(v) Is the plaintiff entitled to any relief in the suit?

The first issue between the parties, presupposes a contract between the parties whereby and whereunder the defendant agreed to sale cast iron scraps to the plaintiff. Such a contract is admitted. What is disputed is the rate at which the goods are to be sold by the defendant to the plaintiff. Both the parties claim the contract to be oral. In the plaintiff’s version of the oral contract, the rate is of Rs.4,000/- per metric tonne while the defendant claims the rate to be Rs.150/- less than prevailing price of Steel Authority of India. The evidence on record does not substantiate or corroborate any of the two claims of the parties with regard to the rate of the contract. The rate, therefore, cannot be decided on the basis of the materials made available on record.

The defendant in support of its claim of the rate relies upon few delivery challans and bills in respect of 137.930 metric tonnes of goods that it claims to have sold and delivered to the plaintiff. The receipt of the goods is disputed by the plaintiff. The seal of the plaintiff claimed to be affixed on the delivery challans is also disputed by the plaintiff. Leaving aside the challans and the bills for the 137.930 metric tonnes of goods, there is no other evidence in writing on record to show that the parties agreed to a particular rate.

The second issue is next taken up for consideration. The fact that the plaintiff paid a sum of Rs.18 lakhs to the defendant by four several cheques during the period September 1, 1990 till September 30, 1990 is admitted. The plaintiff claims that, since the defendant was not in a position to supply materials and was not in a position to refund the advance, the defendant agreed to pay interest on the sum of Rs.18 lakhs at the rate of 18 per cent per annum on and from the respective dates of the advances until payment.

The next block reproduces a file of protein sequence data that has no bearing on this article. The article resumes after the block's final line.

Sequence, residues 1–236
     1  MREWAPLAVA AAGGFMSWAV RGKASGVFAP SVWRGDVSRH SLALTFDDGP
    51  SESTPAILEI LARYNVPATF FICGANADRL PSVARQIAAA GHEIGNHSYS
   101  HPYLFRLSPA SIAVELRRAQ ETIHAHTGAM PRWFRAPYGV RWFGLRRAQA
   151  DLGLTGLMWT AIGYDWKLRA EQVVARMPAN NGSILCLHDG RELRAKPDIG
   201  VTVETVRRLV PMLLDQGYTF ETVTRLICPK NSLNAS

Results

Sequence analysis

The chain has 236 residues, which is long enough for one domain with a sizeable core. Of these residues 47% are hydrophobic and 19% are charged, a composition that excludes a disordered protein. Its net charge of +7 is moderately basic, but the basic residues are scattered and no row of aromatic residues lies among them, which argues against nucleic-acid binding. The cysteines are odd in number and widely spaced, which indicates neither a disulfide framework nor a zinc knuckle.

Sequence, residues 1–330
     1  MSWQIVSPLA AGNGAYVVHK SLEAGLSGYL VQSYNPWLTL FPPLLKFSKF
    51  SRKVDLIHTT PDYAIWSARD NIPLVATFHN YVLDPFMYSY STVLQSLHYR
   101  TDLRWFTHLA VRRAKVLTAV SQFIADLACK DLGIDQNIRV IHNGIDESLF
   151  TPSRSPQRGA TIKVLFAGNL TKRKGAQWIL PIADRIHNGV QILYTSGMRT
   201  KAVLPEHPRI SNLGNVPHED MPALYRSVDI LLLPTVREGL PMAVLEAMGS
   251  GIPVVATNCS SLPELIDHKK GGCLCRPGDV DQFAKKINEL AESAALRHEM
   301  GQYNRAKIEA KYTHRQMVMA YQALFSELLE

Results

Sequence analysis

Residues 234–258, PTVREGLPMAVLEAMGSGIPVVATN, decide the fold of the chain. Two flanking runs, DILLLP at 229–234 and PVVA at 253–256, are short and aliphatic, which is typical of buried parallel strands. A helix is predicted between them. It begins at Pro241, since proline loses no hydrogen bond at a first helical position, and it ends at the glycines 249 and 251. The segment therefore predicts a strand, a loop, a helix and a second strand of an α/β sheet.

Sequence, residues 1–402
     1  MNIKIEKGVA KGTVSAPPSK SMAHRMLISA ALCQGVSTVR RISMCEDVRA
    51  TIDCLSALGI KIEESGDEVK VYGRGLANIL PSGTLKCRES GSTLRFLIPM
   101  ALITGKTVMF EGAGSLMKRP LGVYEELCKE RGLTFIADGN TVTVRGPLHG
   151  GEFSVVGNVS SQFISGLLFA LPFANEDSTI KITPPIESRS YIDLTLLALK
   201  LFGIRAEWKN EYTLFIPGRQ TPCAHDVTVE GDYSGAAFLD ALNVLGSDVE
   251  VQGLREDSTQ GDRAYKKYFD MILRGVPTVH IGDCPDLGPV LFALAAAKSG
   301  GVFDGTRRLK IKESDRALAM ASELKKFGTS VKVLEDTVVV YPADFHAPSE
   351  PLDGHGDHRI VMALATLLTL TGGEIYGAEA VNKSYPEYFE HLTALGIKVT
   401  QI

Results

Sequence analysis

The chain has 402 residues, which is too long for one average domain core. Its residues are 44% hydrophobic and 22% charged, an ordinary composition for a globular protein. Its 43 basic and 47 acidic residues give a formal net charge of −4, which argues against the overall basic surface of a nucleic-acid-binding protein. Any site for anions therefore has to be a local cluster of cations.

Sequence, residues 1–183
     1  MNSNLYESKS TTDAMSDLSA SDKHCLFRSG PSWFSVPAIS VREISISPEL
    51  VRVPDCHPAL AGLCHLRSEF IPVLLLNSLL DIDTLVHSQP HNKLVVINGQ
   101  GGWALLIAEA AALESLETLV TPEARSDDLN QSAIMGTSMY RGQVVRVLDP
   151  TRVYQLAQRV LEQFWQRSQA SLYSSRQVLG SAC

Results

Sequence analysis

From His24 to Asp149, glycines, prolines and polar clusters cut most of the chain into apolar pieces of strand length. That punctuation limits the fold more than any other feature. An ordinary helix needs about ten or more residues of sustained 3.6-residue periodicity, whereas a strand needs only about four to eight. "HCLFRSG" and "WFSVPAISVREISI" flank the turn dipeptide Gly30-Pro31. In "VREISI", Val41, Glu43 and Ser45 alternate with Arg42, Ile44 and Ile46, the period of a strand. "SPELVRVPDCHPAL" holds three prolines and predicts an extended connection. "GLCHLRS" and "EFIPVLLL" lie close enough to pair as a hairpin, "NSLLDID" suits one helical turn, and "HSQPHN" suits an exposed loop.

The defendant denies any such arrangement. The evidence on record is the oral testimony of the witness of the plaintiff as against the oral testimony of the witness of the defendant. There is no material in writing to come to a finding one way or other. None of the oral testimony the parties is even remotely substantiated or corroborated by any evidence in writing on record. It would be hazardous to arrive at a finding as to the rate of interest. In fact, it is hazardous to arrive at a finding that the defendant agreed to pay any interest. The issue is, therefore, answered in the negative as against the plaintiff. However, the nature of transactions between the parties is commercial. The defendant received advance from the plaintiff for sale of cast iron scraps. Admittedly, the defendant did not sale the cast iron scraps at least for the value of Rs.10 lakhs for which it sought to be refund the said sum of Rs.10 lakhs which was paid on several dates between November 4, 1991 till July 20, 1993. Even though the parties did not agree as to the rate of interest, the Court can award interest to compensate for the delay in payment.

On the third issue, the learned Counsel for the plaintiff submits that, the plaintiff did not receive the so-called 137.930 metric tonnes of goods. According to the plaintiff, it did not receive the goods. The challans were not signed by it or any person on its behalf. The seal on the challans was not affixed by a person authorized by it. Suraj Kumar, a person who is claimed to be the broker was not appointed as the broker by the plaintiff. The plaintiff is not aware of any person by the name of Kanwar Singh. He never worked as the employee of the plaintiff. The thirteen challans were allegedly signed at the godown of the defendant. There was no occasion for the plaintiff to sign such delivery challans. In cross-examination the witness of the plaintiff has stated that it maintains a register of employees and such register of employees did not bear the name of Sri Kanwar Singh. The witness of the plaintiff in cross-examination denied the rubber stamp of the plaintiff appearing in the challan and stated that the plaintiff never received the bills or the materials covered under the challans.

Learned Counsel for the plaintiff relies on Section 60 of the Evidence Act. He submits that, there is no direct evidence as to the receipt of the goods. The witness of the defendant did not see the goods to be delivered by the defendant to the plaintiff. He did not see the seal of the plaintiff to be affixed on the delivery challan. He was not present when such documentation and the alleged supply took place. He points out that the evidence of the witness of the Defendant No. 1 is at best hearsay. He relies upon 2007 Volume 10 Supreme Court Cases page 371 (Sunder Lal v. State of Rajasthan) in support of the proposition that oral evidence can be permitted to be given by a person who has seen the incident. For the same proposition he relies upon All India Reporter 2011 Supreme Court page 760 (Kalyan Kumar Gogoi v. Ashutosh Agnihotri & Anr.). Learned Counsel for the plaintiff refers to Section 61 of the Evidence Act, 1872 and submits that, the contents of the delivery challans have not been proved by requisite evidence. He relies upon All India Reporter 2009 Supreme Court page 432 (Hardip Singh v. State of Punjab) in this regard.